And I didn't see her the first day! I wondered if maybe she didn't go. I was having a blast, and let my guard down. I actually let my guard down after about an hour because it was stopping me from fully enjoying myself. So I stopped caring. That's when I saw her - the second day at breakfast. I was seated at a table with new friends, and she walked past. Looking back, I'm glad that she didn't just make eye contact and move on. She stopped by, and we briefly chatted. I refused to look nervous (at least on the surface). You know what she did? She put down the event in front of a table full of people! I had to stop myself from laughing. I kept the conversation short, and basically signaled that I wanted to get back to the (amazing) people I'd been chatting with. I wished her well, and meant it.

I moved on. A few hours later I realized I wasn't anxious or upset. I was... calm? I was also proud of myself for not wimping out or running away. I faced it head on and lived to tell the tale

Wednesday, January 15, 2014

Improved communication, thanks to a subscription box

Sorry for neglecting my new blog! But now I'm back.

I recently subscribed to the Fantasy Box (review coming) but wanted to mention possibly the best part for my partner and I, and it isn't what I expected. In the first box (and possibly others, I'm not sure) there was a short questionnaire for each person to fill out. It was slightly racy (it is an "adult" box after all), but not so racy that I would have felt uncomfortable talking about it. I would have been fine discussing our answers out at a dinner, depending on the restaurant, but I'm also a health and sexuality educator by trade so I tend to forget that not everyone talks about sex every evening (most of the time I'm not talking about my sex life, mind you). There were definitely some questions and answers that I could see making people blush.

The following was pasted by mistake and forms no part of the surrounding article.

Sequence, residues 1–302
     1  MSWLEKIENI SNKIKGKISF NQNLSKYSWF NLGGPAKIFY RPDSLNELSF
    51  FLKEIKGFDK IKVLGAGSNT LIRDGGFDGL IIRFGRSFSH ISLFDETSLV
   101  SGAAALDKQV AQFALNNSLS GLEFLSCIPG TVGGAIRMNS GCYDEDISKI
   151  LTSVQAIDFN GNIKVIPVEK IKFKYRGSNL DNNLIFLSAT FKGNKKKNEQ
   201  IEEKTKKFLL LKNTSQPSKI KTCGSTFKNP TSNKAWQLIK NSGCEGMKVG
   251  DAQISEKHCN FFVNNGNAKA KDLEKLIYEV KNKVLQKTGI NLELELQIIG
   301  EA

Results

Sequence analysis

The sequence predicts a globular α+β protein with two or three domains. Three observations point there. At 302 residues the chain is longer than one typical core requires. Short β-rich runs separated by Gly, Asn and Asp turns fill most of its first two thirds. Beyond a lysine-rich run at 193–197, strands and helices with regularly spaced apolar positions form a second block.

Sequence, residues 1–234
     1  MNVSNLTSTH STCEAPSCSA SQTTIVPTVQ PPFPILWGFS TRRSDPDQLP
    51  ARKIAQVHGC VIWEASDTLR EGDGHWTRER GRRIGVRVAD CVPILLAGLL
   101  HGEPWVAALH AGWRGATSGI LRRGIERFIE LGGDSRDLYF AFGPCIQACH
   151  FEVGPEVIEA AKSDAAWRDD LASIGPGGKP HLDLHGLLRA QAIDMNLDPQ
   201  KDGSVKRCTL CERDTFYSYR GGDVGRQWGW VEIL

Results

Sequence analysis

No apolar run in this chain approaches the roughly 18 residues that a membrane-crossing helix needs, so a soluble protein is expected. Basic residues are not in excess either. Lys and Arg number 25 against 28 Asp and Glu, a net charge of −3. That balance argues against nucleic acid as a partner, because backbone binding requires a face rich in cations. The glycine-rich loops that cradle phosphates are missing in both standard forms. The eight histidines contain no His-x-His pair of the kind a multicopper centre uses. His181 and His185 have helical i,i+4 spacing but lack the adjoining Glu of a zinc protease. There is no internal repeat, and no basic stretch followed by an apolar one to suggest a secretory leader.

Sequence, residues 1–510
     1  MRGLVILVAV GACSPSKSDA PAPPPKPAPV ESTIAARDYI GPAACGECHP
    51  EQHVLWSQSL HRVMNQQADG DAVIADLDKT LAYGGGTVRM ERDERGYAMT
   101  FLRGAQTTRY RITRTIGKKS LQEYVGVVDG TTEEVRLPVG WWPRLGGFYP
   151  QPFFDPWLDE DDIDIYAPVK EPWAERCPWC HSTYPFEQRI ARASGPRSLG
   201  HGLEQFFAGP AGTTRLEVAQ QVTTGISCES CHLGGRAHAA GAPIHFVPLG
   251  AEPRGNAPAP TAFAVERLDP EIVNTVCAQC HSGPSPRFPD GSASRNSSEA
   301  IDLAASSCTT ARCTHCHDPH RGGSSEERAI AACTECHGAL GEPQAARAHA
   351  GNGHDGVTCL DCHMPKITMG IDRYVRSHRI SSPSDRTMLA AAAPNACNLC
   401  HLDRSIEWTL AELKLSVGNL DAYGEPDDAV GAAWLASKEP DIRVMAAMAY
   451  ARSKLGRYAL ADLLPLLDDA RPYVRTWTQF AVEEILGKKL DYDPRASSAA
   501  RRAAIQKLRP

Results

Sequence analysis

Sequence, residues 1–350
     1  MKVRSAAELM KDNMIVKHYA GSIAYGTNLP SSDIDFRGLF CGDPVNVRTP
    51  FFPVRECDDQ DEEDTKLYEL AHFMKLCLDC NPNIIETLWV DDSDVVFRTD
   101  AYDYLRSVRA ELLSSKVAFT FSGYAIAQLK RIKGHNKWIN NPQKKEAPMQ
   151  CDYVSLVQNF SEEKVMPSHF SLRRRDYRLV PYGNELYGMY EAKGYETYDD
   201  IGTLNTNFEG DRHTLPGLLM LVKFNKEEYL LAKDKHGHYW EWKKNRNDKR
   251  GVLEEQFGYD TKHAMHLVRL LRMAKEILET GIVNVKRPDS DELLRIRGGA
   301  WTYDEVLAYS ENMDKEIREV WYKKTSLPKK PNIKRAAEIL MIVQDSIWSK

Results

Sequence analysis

A lot of the questions my partner and I agreed on, and I think if we had to, we could have predicted each other's answers. However, that said, there were a few that were a surprise! Some of the questions included when you most prefer to have sex, what you would love to see your partner in, if you are more of a leader or a follower, and where you would most like to have sex (answers included the back of a taxi, a friend's bathroom at a holiday party, or your living room with the windows open knowing your neighbors could see you).